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Differential effect of Bifidobacterium species characteristic of the gut microbiota of breast-fed and formula-fed infants on in vitro cytokine production

Published online by Cambridge University Press:  12 May 2008

E. Puertollano
Affiliation:
Immunonutrition Group, Metabolism and Nutrition Department, Instituto del Frío (CSIC), Madrid, Spain
T. Pozo
Affiliation:
Immunonutrition Group, Metabolism and Nutrition Department, Instituto del Frío (CSIC), Madrid, Spain
I. Nadal
Affiliation:
Instituto de Agroquímica y Tecnología de Alimentos (CSIC), Valencia, Spain
A. Marcos
Affiliation:
Immunonutrition Group, Metabolism and Nutrition Department, Instituto del Frío (CSIC), Madrid, Spain
Y. Sanz
Affiliation:
Instituto de Agroquímica y Tecnología de Alimentos (CSIC), Valencia, Spain
E. Nova
Affiliation:
Immunonutrition Group, Metabolism and Nutrition Department, Instituto del Frío (CSIC), Madrid, Spain
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Abstract

Type
1st International Immunonutrition Workshop, Valencia, 3–5 October 2007, Valencia, Spain
Copyright
Copyright © The Authors 2008

The importance of the bacterial colonization process of the newborn intestine in the maturation of the immune system has been recognized. The presence of a healthy microflora (adequate composition of species and their frequency) in the gut is thought to play a role in the balance of T-helper (Th) 1–Th2 immune responses. Some differences have been observed in the composition of bifidobacterial species in relation to the type of milk fed. While B. breve is one of the predominant species of the gut microbiota of breast-fed (BF) babies, B. catenulatum and B. adolescentis are characteristic of that of formula-fed (FF) infants(Reference Haarman and Knol1). The aim of the current study was to assess the differential effect of the bifidobacterial species identified in the intestinal microbiota of BF and FF infants on cytokine production by peripheral blood mononuclear cells (PBMC). The effects of different bifidobacterial species were assessed individually and in combinations representing their proportions in infants under both feeding types. Live bacterial cell suspensions (107 colony-forming units/ml) were incubated with PBMC in the proportion 10:1 for 48 h (5% CO2, 37°C) and cytokine concentrations were measured in the supernatant fraction by flow cytometry (CBA; BD Biosciences, Madrid, Spain). The experiments were performed with blood from four volunteers and duplicates were done of each experimental condition and analysed separately. Statistical analyses were carried out using ANOVA and Mann-Whitney tests. Results for representative cytokines of Th1 and Th2 responses (interferon-γ (IFN-γ) and IL-4 respectively) and the anti-inflammatory cytokine IL-10 are presented. Significant differences were found among different bifidobacterial species for the induction of IFN-γ and IL-10 production (P<0.001 and P=0.003). B. catenulatum was the strongest enhancer of IFN-γ production, followed by B. breve. B. catenulatum is more frequent in FF infants and B. breve is more frequent in BF infants(Reference Haarman and Knol1), but no differences were found in the induction of IFN-γ production by BF and FF mixtures of bifidobacteria used. B. catenulatum also induced significantly higher levels of IL-4 than B. adolescentis and B. infantis (P=0.029). B. infantis was a mild cytokine inducer, showing the lowest effect among the assayed species for all three cytokines. B. longum, which is the third most frequent bifidobacterial species in infant flora of both BF and FF infants, showed the strongest IL-10-inducing capacity. The effects of BF and FF bifidobacterial species combinations on cytokine production were not significantly different.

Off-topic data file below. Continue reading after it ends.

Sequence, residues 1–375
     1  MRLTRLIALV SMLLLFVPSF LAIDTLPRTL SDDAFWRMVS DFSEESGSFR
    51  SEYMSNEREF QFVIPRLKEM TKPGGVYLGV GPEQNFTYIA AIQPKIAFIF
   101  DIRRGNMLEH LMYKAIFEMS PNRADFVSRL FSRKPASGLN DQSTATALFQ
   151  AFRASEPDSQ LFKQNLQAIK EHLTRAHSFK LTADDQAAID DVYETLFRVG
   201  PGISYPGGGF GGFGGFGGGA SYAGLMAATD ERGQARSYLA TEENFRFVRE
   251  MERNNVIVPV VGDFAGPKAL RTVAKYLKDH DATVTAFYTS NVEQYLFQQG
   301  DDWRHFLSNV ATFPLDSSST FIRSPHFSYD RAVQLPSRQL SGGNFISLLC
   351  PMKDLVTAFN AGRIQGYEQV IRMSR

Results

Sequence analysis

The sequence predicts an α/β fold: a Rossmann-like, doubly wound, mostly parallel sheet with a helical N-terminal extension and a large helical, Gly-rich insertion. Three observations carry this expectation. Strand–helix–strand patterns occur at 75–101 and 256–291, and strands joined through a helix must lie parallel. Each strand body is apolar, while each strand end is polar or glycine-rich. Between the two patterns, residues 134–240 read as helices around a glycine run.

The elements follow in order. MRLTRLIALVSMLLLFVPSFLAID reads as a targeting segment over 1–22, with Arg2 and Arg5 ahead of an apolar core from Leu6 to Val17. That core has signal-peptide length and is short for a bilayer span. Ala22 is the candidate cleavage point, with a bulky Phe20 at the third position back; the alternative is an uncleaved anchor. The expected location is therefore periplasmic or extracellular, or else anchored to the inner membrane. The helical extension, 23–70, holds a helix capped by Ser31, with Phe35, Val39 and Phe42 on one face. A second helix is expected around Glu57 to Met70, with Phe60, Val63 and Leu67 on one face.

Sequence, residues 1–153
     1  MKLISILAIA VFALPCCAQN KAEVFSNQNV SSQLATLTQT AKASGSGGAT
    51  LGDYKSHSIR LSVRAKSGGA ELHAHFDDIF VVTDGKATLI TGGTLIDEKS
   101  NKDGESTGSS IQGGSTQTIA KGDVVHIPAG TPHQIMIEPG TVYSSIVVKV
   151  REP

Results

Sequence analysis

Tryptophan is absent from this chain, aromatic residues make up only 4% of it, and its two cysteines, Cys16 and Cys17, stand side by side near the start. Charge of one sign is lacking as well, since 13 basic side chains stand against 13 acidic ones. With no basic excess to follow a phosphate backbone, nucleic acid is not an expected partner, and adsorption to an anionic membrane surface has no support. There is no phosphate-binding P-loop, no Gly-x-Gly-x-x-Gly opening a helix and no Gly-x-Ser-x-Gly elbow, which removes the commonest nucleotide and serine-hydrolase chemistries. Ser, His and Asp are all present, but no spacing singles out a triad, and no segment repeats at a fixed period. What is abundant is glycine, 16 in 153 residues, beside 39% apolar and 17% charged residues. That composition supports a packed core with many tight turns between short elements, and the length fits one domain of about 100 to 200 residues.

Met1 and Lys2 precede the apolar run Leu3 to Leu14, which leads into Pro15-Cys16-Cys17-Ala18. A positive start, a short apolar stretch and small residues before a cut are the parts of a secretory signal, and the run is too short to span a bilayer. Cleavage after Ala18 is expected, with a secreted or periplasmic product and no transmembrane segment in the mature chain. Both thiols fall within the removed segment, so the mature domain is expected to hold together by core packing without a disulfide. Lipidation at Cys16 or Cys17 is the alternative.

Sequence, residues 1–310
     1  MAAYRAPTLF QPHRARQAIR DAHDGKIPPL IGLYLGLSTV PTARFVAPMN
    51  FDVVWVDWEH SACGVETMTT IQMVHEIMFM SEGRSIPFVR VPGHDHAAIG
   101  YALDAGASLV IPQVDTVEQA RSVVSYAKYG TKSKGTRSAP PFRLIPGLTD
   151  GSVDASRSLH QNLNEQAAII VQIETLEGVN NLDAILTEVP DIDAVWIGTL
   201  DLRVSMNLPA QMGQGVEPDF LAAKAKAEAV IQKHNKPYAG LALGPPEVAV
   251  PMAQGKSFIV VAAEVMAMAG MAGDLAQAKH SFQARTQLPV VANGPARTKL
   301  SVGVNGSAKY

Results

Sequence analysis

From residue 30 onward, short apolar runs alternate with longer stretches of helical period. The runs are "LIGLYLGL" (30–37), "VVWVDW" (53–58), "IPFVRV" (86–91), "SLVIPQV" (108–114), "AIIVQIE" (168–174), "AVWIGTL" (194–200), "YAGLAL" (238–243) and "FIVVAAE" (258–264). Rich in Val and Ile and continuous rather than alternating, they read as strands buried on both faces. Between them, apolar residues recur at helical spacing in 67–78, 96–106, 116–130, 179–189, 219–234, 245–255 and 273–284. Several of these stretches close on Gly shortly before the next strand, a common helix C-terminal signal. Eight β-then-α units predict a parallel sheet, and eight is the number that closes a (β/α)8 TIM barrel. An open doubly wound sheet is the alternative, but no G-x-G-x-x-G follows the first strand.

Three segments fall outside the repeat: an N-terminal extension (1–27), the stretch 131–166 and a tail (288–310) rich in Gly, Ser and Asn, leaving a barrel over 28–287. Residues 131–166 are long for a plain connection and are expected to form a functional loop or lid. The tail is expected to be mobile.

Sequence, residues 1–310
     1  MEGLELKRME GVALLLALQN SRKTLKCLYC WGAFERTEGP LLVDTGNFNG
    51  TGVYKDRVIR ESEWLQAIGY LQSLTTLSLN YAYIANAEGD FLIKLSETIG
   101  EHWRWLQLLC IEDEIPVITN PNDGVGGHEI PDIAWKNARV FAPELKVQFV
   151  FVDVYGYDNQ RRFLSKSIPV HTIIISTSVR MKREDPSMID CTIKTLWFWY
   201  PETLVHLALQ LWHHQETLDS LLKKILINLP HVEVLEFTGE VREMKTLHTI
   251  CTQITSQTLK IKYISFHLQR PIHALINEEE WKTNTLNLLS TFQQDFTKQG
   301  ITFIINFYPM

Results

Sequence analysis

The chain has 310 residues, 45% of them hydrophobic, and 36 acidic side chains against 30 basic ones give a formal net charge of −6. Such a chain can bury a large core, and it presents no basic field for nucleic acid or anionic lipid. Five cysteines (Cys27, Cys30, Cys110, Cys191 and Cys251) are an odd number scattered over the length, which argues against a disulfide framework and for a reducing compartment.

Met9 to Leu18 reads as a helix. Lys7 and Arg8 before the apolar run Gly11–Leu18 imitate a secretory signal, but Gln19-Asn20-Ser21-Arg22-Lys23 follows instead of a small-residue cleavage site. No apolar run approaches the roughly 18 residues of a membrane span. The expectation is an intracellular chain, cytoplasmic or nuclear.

These results suggest that the presence or absence of particular bifidobacterial species as well as the overall composition of the bifidobacterial population in the infant gut could be key factors defining the immunomodulatory effect of the gut microbiota in early life.

This work received financial support from CSIC; project references 200570F0091 and 200570F0093.

References

1. Haarman, M & Knol, J (2005) Appl Environ Microbiol 71, 23182324.CrossRefGoogle Scholar
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